the front of the hull beside the driver.
The first prototype A.22 was undergoing trials by
the end of 1940 and the first batch of 14 completed
Tanks, Infa ntry Mark I V came off the Vauxhall
Motors production line in June 1941. It may be noted
that the first of these vehicles still bore the "Caution
Un armoured" plate which denoted to the users that

Three views of ol/e of the first productioll/"fallfry Tallk , M k . 1 V

rakell at Lmoll M ay 9 , 1941 , show fhe characteristics of the
Churchill I, i" cluding the 3-ill. howitzer ill the hulf f rolll, smoll
cast tIIrret with pistol paris olld 2 pdr. gllll, brack elS fo r fOllg
rallge fue/rank at real", lack of track COI'ers, Ill/armoured exhaust
mallifolds and the origilloltype o/ il/take IOIlI're. (Imp. War Mus.)

mild steel had been used wholly or partially instead of

armour plate. The new tank was named Churchillbecause, as Mr. Winston Churchill is reputed to have
sai d, it too was "a thick-skinned beast" .
The remarkably short time in which the Churchill
was designed and put into production by Vauxhall
Motors Ltd.- a firm without previous experience of
the design or co nstruction of tanks- reflects great
credit on it. At the sa me time as designing the tank and
arranging to build the first vehicles, Vauxhall Motors
also undertook the design and production "parentage"
for the whole future programme planned for the
Churchill. This entailed arranging sources of supply of
materials from hundreds of sub-contractors for the
ten other major firms in the production group as weB
as for Vauxhall's own output; planning the production
operations; designing and obtaining the special equipment- jigs, machine tools etc.- needed for production; and passing on their newly acq~ired "know-how",

III the Churchill 11, the 3~ill. howitzer was replaced by a Besa
machine-gull. The from horns were also jitted with srrell1{lilenillg
plates. added retrospectively also to the Mk. I. Note IheJueJ lank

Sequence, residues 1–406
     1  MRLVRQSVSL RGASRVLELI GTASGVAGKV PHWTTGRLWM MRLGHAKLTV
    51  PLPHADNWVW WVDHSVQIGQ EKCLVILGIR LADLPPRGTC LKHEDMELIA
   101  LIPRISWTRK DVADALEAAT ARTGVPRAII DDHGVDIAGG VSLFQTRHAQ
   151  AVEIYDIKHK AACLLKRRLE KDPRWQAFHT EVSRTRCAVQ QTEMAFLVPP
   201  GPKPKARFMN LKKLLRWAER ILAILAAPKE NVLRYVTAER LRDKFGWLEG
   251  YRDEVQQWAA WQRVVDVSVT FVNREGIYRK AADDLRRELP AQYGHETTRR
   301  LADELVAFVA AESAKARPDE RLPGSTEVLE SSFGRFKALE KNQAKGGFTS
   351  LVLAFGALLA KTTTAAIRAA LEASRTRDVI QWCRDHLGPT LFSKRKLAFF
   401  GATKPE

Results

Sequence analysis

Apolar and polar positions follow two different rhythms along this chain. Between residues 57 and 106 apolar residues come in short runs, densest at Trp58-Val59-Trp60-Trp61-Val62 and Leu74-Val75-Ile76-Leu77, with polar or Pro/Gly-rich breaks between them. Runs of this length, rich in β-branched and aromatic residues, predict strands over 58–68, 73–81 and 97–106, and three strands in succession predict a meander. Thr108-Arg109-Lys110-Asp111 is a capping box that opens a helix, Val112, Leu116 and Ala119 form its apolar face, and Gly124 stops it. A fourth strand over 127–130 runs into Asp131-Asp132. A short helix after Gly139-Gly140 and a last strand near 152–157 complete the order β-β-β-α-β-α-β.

at rear.
(Peter Chamberlain Collection)

Fine view of the Churchill 11 ill senoice ill early 1942 shows all
crew members at their respeclil'e hatches.
(Peter Chamberlain Colleclion)

The Churchill Tank Production Group consisted of

the following firms (not all of which, however, remained
on Churchill production throughout the War):-

difficulties. For example, the first Leylaod-assembled

ChurchiJl was completed in June 1941 (concurrently
with the [Ifst production models produced by Vauxhall
Motors themselves) and the first Metro-Cammell
Churchill was delivered early in July 1941. The production of Churchill tanks continued until the War
ended and in all 5,640 were built. In numerical
importance the Churchill came second only to the
A supply of completed tanks coming off the production lines was required by the Government within one
year from the time Vauxhall Motors undertook the
responsibility fort he design and output of the Churchill
tank in July 1940. It was expected that an entirely new
tank built under these conditions would be likely to
give trouble later on, but tanks that could run only a
dozen or so miles, or even, acting as immobile but
heavily armoured blockhouses, not run at all, might
make all the difference were the country to be invaded,
and the risk was accepted. (Much was made in wartime propaganda of the virtue of the Churchill's
potential value as a static blockhouse. Fortunately,
this need never arose for the defence of the United

The Birmingham Railway Carriage and Wagon

Co. Ltd.
Beyer, Peacock and Co. Ltd. (Manchester)
Broom and Wade Ltd. (High Wycombe, Bucks.)
Dennis Bros. Ltd. (Guildford, Surrey)
The Gloucester Railway Carriage and Wagon Co.
Harland and Wolff Ltd. (Belfast, Northern
Leyiand Motors Ltd. (Leyland, Lancs.)
Metropolitan-CammeU Carriage and Wagon Co.
Ltd. (Wednesbury, Staffs.)
Newton Chambers and Co. Ltd. (Sheffield)
Charles Roberts and Co. Ltd. (Wakefield, Yorks.)
There were many problems in co-ordinating the
work of such a variety of engineering firms spread
throughout England and one in Northern Ireland.
But the arrangements worked well consideri ng the

Mr. IVillstoll ClllIrchm, the Prime Minister. paid a I'isit to Vauxhafl;1I 1941 to see the tank which later took his name. He is seen here ill
the secolld productioll vehicle ( nearest the camera) talking by R/ T to General Sir John Dill, CinC Home Forces, in theftrst production
(Imp. War Mus.)
machine. Note the triangular warning plate on the turrets indicating mild steel constructioll.

Kingdom, but in Tunisia on one occasion a single

Churchill, disabled on a minefield, continued to support the infantry against an enemy counter-attack by
infantry with two tanks. For this action the tank
commander was awarded the M.C.)
During trials and in the hands of the Army tank
battalions to which the Church ills were issued as they
came off the production lines many faults were
revealed. A survey by the War Office showed in
November 1941 that Churchills delivered up to the
previous month were not fit for use in the Middle East
or even for sustained operations in the United Kingdom unless 16 important modifications were incorporated. Ten of these modifications were to the
transmission and steering and three to the suspension.